Six school groups will progress as finalists in the Certified Irish Angus School’s Competition.
RTÉ broadcaster, Carl Mullan, revealed the names of the schools at a special event at the National Ploughing Championships in Ratheniska, Co Laois, earlier this week.
Organised by Certified Irish Angus, in association with its partners ABP and Kepak, the initiative has increased in popularity.
Schools from both urban and rural schools with farming and non-farming backgrounds participate in the competition.
It sees the student groups actively involved in the rearing of five Irish Angus cattle to allow them to gain an understanding of the care and attention that is required to produce top-quality Irish beef under a sustainable family farming system.
This year, the organisers received an “overwhelming response” to the competition, with the highest number of entries to date.
Following a long application process and a series of interviews with judges from across the agri-food industry.
Certified Irish Angus School’s Competition
Ursuline Secondary School, Thurles, Co. Tipperary
- Project theme: ‘Health benefits of eating Angus beef.’
St. Louis’ High School, Rathmines, Co. Dublin
- Project theme: ‘Reassuring Consumers On Animal Welfare.’
Holy Rosary College, Mountbellew, Co. Galway
- Project theme: ‘Improving The Quality Of Beef For Consumers.’
Ardscoil Phádraig Granard, Co. Longford
- Project theme: ‘Adapting Technologies In Breeding.’
Abbey Community College, Boyle, Co. Roscommon
- Project theme: ‘Sustainable Beef Production.’
Brigid’s Secondary School, Killarney, Co Kerry
- Project theme: ‘Improving Farm Outcomes Through Education.’
Research project topics
Over the next 18 months, the finalist groups will each rear five Irish Angus calves.
They will also research an important topic that will allow them to apply the knowledge they learn in the classroom to a real-life setting.
Throughout their projects, the students will learn about relevant aspects of farming.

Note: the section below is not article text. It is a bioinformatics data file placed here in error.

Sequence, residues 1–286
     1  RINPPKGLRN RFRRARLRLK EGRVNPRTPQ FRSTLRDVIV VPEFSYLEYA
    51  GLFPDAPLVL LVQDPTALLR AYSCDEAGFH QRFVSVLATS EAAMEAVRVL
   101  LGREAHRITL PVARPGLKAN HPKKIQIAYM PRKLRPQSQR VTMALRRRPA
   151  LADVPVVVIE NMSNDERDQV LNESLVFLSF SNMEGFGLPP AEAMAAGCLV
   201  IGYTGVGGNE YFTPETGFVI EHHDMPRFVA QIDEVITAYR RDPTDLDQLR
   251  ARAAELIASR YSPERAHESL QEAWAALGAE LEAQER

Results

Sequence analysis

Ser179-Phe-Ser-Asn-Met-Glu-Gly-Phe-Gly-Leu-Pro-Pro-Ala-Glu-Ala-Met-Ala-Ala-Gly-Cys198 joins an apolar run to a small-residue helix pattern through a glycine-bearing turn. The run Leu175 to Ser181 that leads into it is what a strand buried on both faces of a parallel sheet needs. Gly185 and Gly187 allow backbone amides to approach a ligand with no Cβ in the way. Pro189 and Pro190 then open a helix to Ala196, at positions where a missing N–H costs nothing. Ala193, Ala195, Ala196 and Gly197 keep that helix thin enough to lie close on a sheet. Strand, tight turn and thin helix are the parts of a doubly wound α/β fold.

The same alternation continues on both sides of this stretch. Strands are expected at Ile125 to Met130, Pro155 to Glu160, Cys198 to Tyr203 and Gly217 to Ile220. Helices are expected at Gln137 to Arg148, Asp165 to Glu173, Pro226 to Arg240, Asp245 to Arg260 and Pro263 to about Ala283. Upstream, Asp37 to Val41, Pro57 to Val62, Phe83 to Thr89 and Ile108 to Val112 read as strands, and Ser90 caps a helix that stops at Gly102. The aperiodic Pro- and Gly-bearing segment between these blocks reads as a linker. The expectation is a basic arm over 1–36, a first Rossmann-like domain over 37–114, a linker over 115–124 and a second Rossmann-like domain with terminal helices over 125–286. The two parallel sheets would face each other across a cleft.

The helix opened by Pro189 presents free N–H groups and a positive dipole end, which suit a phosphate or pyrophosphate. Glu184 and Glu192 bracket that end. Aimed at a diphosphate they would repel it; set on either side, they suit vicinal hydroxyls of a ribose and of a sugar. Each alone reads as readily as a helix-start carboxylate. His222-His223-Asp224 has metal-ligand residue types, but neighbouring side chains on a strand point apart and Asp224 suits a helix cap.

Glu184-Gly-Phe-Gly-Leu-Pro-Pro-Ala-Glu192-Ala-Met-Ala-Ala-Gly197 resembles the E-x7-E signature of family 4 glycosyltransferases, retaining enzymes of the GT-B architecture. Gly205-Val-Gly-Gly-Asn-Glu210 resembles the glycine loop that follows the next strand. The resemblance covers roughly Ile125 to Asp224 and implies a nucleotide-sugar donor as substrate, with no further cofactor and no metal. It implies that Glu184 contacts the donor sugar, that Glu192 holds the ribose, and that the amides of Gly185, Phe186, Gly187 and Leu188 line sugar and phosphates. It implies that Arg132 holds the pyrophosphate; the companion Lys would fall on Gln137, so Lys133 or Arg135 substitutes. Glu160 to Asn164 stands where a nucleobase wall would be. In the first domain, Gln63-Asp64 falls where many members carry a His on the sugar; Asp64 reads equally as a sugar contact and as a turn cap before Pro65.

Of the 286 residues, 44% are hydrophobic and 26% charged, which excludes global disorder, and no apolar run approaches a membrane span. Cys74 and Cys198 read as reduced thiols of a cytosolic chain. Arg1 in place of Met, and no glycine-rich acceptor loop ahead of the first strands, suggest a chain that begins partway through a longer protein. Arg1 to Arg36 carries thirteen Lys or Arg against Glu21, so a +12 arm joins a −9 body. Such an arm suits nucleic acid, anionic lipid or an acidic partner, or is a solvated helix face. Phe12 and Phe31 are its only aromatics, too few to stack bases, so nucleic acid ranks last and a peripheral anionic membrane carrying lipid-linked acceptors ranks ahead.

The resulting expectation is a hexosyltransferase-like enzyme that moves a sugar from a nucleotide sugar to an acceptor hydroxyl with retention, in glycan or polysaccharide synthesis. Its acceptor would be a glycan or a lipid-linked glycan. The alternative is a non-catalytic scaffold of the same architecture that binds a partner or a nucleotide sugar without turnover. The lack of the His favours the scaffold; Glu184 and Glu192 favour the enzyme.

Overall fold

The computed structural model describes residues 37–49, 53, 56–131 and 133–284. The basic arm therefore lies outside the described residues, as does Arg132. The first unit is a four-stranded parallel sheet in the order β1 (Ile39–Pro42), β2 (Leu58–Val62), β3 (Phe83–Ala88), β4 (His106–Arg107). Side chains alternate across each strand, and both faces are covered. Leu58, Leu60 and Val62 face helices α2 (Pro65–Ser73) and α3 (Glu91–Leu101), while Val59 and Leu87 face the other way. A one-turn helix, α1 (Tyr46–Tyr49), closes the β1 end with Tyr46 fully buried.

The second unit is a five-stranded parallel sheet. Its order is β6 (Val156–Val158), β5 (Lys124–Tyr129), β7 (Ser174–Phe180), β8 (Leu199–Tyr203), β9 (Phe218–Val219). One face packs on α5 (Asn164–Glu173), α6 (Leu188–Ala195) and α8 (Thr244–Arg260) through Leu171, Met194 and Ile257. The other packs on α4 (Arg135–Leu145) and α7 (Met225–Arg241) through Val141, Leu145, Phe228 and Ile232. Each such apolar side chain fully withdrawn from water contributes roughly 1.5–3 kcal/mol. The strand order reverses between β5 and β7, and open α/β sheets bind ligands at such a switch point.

- Sustainable farming practices;
- Animal welfare;
- Consumer awareness;
- Improving technologies in breeding, amongst others.
Charles Smith, general manager for Certified Irish Angus, said: “Standards were extremely high once again this year.”
He said organisers received “brilliant” applications received from students of all backgrounds – inner-city schools and groups with rural and farming backgrounds.
“We are delighted to reveal these six schools as worthy finalists. During the interview stages, these groups stood out to the judges for taking great interest in the agri-food industry and for bringing new perspectives, ideas, and findings to the competition.”
“The next 18 months will be exciting, challenging and rewarding for these students as they navigate their way through the competition.”
The next round
Competition organisers are seeking “enthusiastic” transition year students across Ireland to be the next finalists of the popular competition.
Each finalist group will receive a “once-in-a-lifetime opportunity” to rear five Angus calves for 18 months while preparing a research project on a relevant topic.
The project themes will cover the topics of:
- Improving animal genetics;
- Sustainable agriculture;
- Farm health & safety;
- Increasing consumer awareness of the quality of Irish food and, in particular, Irish beef.
Each of the finalists will receive the financial benefit involved in selling the animals on completion of the project.
The winning students also receive an additional grant of €2,000 for their further education.
Visit this webpage for information about the competition stages and how to enter.
The closing date for entries is November 19th, 2021.